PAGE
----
The fact that the owner of a self-teaching chess computer program has described the learning process of the algorithms as being alien is indicative of the intellectual framework associated with the thesis of a coming singularity. The possibility of fusing human thought and digital algorithms that are in some way implanted in the human brain is science fiction. It is now being taken seriously by some futurologists.
Obviously, no one knows if this fusion is technologically feasible. The inherent nature of scientific innovation resists forecasts of what is or is not possible. As Arthur C. Clarke said a generation ago, whenever we hear an expert say that something is scientifically impossible, we will probably see that the scientific impossibility comes true.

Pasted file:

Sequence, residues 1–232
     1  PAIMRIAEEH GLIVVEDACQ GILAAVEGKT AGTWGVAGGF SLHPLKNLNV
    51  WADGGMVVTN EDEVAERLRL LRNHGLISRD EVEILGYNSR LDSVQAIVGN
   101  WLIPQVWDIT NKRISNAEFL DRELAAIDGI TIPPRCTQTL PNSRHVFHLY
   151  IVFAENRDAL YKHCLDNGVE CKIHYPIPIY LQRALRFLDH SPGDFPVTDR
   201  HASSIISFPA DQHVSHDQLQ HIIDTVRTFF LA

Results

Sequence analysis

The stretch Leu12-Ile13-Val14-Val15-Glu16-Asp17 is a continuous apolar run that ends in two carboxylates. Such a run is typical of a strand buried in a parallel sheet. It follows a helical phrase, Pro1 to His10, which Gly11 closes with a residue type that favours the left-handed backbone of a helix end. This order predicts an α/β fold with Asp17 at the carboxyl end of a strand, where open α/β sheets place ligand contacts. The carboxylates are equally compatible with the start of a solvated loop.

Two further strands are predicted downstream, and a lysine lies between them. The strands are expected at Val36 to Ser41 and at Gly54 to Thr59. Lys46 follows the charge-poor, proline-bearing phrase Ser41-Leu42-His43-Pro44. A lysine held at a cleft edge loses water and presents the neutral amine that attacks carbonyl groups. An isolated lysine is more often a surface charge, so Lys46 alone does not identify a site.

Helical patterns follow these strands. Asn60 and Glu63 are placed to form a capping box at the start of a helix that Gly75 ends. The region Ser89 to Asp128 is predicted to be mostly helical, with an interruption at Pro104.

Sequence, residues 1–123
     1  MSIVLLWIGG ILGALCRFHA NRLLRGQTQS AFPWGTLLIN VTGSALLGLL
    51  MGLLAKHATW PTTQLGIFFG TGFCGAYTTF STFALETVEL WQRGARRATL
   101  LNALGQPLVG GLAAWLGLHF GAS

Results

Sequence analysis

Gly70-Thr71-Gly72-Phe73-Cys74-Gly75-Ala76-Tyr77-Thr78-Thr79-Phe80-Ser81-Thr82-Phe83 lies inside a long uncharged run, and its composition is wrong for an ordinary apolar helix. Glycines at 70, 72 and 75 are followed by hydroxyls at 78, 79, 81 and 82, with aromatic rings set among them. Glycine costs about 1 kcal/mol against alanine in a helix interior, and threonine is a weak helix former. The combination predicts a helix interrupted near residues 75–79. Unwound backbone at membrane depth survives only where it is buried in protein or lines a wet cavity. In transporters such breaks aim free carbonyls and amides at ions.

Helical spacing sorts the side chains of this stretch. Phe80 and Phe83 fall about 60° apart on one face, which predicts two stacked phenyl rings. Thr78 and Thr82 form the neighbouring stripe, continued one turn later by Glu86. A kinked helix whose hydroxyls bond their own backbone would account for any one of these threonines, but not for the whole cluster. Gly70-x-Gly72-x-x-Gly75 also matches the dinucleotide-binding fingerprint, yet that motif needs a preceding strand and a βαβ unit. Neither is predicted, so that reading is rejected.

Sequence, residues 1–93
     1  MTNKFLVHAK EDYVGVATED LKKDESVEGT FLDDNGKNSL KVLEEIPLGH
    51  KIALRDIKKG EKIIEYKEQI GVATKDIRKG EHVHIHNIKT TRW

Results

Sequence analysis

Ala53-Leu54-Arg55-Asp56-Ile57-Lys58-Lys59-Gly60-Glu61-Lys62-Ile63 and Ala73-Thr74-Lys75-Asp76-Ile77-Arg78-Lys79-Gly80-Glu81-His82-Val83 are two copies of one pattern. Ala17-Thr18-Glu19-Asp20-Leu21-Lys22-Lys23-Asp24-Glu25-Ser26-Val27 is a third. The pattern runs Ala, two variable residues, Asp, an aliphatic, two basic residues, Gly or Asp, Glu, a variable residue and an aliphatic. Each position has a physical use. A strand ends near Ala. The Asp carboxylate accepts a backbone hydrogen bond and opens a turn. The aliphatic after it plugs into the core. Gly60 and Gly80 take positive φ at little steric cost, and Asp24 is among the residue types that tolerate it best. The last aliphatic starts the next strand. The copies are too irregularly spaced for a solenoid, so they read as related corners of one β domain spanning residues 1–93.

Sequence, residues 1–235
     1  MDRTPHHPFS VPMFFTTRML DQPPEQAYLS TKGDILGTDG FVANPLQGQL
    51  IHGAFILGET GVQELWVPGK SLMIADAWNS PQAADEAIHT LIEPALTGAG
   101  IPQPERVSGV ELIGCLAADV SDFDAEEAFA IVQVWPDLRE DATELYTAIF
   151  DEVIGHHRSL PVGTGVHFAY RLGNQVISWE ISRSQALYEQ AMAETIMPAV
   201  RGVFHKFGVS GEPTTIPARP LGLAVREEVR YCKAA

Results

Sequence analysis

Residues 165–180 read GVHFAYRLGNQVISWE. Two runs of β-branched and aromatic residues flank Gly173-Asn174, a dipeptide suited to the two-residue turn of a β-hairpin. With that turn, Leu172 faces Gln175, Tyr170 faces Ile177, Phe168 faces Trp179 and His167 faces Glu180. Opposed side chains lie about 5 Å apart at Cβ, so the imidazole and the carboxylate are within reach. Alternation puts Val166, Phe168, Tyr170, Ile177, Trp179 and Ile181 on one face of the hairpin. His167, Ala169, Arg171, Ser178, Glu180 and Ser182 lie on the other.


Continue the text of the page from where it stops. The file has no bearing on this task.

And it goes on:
THE MATHEMATICAL THEORY OF GAMES
A lot of focus is being placed on the digital nature of self-teaching algorithms. This is easily applied to games. This is where the great breakthroughs have been made over the past decade. The rate of accomplishment is now speeding up astronomically. But never forget this: chess is a matter of fixed rules. There are patterns in games of chess that are imposed by these rules. Computer programmers now find that they do not have to teach these rules to algorithms. This is the great breakthrough that has taken place over the last 18 months. The algorithm can survey a huge number of games if the games have been recorded digitally. The algorithm can deduce the rules and then implement strategies in terms of these rules. Here is how an article in Wired described the process.